Part 1- Arriving in China

This is a series about our experience in China, a two week trip. China, the middle kingdom, not opened up to tourists from the United States until a few short years ago- but home to my in-laws for a number of years. Being a student of history, China is the middle kingdom- the center of the earth.  While I never thought seriously about that, after the first day of being here I realized it is quite true.  China is, today, and will be for some time- the center of the earth.

Driving from the airport at Beijing to Tianjin is about an hour on a freeway that has 16 lanes and this freeway was  built in the last two years.  Imagine that in the United States – a 16 lane freeway connecting two cities that are about 70 miles apart and being built in less than a year. As tired as we are from a long flight, it is hard to not be impressed by a freeway like this one.

TianJin a small 13 million city outside the capital


The winter is ending here, but what struck me as we arrived in the city were all the trees.  My father-in-law pointed out that when they first arrived in China years ago there were no trees, most had been cut during Mao’s regime.  As a result, there were no birds in the city. Until six years ago one could rarely find a bird in Tianjin, now birds are everywhere. Under Mao most trees were cut down in a disastrous policy.  The trees were stripped to build fires in the backyards of people for smelting for iron.  Only to discover that the iron was poor quality and not good for anything.  They even melted their utensils and cooking pots. Still, the damage was done- like the American Passenger Pigeon, trees, the ecologic niche they serviced were gone and  the economy was in shambles. No one thought it would recover in this lifetime.

We passed by a large park, acres and acres of trees, fountains, along with places for young people and old people to safely play. “That use to be the wholesale market where it had the fish market, textiles, produce, and others.” The market moved, and within a year they had torn down the market, replaced it with a park with fully mature trees.  I was reminded of the old Ford Factory outside Detroit, along the river, it closed in the 1950’s and remains an eyesore to this day.


In China this eyesore would be replaced with a park. Not so in Detroit

Imagine the city of Houston in ten years doubling in size –  not only in terms of population, the infrastructure needed to support it, and that while this is happening the standard of living for all residents doubles, triples, even more.  Better yet, imagine Port Au Prince in Haiti doubling in size, and bringing its residents from poverty to middle class, and along the way doubling in population, and building a new infra-structure to support the people. Going from occasional starvation, to where cell phones are the norm.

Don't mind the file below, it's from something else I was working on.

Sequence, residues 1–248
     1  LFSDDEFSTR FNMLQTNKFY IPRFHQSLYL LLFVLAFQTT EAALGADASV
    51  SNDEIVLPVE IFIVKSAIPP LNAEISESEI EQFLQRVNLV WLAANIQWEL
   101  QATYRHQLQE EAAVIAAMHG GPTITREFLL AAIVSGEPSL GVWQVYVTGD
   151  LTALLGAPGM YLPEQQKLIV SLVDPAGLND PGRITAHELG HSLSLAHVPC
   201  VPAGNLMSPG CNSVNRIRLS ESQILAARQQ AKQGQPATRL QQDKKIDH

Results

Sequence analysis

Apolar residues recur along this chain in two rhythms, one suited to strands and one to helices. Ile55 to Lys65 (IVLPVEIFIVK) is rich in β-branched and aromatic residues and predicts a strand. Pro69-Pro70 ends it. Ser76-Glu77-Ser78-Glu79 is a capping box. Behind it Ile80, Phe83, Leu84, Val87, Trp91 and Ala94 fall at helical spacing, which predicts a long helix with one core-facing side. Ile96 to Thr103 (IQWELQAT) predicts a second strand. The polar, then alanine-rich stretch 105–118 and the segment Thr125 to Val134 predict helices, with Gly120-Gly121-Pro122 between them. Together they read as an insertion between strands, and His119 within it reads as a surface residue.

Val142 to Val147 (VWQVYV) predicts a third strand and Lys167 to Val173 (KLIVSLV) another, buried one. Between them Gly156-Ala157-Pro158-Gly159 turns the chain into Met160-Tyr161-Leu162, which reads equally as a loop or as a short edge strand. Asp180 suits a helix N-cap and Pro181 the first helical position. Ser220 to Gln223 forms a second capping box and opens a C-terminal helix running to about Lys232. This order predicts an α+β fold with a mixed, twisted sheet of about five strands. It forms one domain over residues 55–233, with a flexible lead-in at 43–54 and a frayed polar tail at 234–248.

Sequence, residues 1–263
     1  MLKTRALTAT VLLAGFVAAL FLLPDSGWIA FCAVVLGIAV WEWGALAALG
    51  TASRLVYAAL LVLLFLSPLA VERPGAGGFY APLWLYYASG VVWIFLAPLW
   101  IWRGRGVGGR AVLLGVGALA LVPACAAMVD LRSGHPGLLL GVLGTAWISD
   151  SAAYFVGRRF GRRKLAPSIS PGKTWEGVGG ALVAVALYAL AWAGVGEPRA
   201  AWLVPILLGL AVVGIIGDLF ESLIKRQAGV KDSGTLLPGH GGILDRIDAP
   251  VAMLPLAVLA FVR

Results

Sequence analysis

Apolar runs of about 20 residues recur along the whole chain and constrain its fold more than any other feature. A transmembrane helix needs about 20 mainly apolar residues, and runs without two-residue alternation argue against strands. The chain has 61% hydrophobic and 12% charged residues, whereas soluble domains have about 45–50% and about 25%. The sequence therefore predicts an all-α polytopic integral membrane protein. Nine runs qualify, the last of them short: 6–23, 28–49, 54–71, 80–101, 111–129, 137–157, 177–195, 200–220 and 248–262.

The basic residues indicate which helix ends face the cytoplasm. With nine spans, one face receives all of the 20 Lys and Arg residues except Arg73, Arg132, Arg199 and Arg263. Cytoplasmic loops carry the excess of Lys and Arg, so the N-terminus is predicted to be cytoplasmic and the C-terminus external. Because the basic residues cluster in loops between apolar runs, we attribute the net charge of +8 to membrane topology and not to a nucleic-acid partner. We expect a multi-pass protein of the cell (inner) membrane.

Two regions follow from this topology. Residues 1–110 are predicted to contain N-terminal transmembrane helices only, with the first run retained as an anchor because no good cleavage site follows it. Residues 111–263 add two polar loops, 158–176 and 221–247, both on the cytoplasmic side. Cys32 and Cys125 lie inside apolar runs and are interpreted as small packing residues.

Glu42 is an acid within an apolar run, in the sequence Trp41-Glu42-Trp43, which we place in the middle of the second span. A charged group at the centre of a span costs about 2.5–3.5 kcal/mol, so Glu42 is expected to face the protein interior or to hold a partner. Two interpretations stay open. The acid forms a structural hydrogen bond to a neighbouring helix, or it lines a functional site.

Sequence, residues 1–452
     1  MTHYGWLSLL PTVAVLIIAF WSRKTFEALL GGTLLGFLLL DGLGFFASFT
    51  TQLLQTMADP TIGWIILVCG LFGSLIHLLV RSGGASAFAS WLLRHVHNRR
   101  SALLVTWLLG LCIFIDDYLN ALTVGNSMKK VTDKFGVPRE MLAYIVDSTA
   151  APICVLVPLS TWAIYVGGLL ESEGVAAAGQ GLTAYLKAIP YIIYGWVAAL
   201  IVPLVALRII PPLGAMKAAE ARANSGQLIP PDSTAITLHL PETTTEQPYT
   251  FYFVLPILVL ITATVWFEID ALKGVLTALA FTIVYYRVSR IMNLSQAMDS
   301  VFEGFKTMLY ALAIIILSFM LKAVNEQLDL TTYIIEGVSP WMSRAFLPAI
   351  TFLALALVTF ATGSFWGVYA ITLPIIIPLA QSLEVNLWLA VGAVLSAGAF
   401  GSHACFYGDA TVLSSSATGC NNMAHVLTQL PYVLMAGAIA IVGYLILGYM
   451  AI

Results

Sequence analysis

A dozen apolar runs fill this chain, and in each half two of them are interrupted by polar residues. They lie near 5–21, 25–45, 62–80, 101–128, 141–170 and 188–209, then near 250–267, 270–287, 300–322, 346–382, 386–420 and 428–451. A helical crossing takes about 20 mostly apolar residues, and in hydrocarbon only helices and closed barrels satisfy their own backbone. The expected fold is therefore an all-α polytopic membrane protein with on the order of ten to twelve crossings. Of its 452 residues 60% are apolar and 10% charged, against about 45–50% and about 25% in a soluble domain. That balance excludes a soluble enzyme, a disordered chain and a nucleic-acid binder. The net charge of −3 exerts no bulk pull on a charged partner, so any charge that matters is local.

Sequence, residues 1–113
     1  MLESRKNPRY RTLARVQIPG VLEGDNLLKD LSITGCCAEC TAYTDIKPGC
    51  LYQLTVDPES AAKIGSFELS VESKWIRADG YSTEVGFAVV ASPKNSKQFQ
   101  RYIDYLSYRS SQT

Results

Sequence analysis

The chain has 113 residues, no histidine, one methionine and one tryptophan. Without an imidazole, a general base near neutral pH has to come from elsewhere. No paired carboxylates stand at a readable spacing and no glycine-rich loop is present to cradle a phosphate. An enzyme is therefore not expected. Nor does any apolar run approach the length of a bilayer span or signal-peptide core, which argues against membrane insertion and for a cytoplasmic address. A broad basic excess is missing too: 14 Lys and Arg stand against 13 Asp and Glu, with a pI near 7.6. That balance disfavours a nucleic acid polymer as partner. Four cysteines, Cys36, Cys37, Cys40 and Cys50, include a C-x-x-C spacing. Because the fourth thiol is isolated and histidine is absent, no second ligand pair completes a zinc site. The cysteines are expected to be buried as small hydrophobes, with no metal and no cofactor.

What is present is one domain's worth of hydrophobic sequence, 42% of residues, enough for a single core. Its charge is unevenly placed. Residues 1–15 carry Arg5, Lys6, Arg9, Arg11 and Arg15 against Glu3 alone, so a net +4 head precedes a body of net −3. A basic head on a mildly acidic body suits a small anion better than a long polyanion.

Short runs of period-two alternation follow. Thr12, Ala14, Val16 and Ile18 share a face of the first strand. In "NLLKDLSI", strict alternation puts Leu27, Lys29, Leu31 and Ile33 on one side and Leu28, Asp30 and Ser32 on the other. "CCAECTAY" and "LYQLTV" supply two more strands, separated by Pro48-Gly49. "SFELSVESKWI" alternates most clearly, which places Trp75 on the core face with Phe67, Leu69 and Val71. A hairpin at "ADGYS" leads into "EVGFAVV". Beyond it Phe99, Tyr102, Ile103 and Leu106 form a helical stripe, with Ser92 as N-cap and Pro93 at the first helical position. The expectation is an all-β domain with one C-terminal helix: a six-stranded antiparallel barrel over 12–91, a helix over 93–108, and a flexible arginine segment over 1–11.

That is the miracle we call China.  Forget what I learned from Milton Freedman in Economics classes at The University of Chicago, here is an economy that is not following any of those rules – and prospering.  In 2009 when the world economy was almost collapsed because of the greed of Wall Street (“greed is good”) they came, hat-in-hand, to China  – one response from China was simple, “You wouldn’t let us invest too much in your economy before and we are glad you didn’t”

There was a haze in the air, a result of the industrial revolution hitting China and yet the air quality has improved year after year. My father-in-law, who has been here for six years confirms, “ We have more sunny days, and every year the air is getting better.”  What city of 13 million in the US could improve air quality while doubling the number of automobiles in that same time period?

One answer is that China is planting over one billion trees a year.  When people talk about greenhouse gas they talk about China, and how in the US why should change what we do when China is polluting more.  Turns out that China is far greener than the US – and is making strides that would put any environmentalist in the US to shame.

Looking around at the many apartment buildings I was struck by three things: every few apartment buildings had their own park, where kids could safely play, fully mature trees planted.  The park had something else, exercise equipment for the adults (in the US the only parks for adults are golf courses).  The rooftops were filled with the usual dishes for satellite as well as solar panels for hot water.  In Phoenix, home of solar panels, there are not as many as one sees here.


Greening of China starts with parks for the people

China is building a harmonious society – and the entrepreneurial spirit is providing the economic engine, while the government is keeping it from over heating.  There will be no “bubble” here—a balloon perhaps, with the government regulating it closely.

First impression of China – wow. This is where China has come from — the disaster that was the cultural revolution left the country in a mess. The economy was in ruins, and many economists felt it would take decades to recover.  Not only did China become the dominant economy in Asia, it has become the economic engine that sustains its 1.3 billion people. What a person can see, even feel, in the first few hours of being in this country- is that China is vibrant, alive, and the people are friendly.  There is no way to describe the magnitude of what they have done here – other than to be amazed.  Much like looking at a photograph of a mountain, until you see it, you cannot imagine it.

Part 2  next — the food.